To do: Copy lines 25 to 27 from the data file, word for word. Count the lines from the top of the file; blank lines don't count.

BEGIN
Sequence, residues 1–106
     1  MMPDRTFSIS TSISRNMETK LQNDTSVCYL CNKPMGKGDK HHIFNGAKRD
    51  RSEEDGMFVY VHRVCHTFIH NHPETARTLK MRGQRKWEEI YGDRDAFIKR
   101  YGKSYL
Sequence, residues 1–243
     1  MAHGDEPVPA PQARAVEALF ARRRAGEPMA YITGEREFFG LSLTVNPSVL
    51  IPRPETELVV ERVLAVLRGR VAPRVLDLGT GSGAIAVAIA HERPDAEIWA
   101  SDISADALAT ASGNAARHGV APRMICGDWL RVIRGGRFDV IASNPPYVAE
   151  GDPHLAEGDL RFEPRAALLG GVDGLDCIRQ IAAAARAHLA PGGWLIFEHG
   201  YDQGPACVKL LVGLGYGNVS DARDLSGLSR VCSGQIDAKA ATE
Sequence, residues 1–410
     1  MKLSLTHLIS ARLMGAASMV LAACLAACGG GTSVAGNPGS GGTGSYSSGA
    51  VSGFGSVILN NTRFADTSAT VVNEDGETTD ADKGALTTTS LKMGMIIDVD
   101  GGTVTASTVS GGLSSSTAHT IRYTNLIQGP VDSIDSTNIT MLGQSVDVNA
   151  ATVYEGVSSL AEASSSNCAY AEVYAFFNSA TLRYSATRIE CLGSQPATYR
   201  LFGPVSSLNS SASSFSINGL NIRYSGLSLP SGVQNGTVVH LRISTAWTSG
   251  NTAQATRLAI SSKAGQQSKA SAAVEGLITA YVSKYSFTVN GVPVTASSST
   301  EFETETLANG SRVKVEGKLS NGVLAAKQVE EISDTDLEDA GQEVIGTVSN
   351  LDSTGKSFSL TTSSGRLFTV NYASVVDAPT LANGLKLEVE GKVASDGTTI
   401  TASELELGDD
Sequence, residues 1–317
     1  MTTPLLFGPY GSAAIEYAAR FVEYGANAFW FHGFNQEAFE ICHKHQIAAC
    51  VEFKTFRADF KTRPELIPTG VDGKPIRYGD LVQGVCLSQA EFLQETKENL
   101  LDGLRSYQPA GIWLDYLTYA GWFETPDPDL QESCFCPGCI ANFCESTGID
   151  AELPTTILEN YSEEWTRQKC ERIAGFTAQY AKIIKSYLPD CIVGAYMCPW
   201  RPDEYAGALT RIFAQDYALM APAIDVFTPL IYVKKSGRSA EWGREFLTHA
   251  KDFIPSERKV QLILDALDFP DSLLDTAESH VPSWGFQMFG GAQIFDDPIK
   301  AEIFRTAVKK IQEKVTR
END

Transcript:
   151  AELPTTILEN YSEEWTRQKC ERIAGFTAQY AKIIKSYLPD CIVGAYMCPW
   201  RPDEYAGALT RIFAQDYALM APAIDVFTPL IYVKKSGRSA EWGREFLTHA
   251  KDFIPSERKV QLILDALDFP DSLLDTAESH VPSWGFQMFG GAQIFDDPIK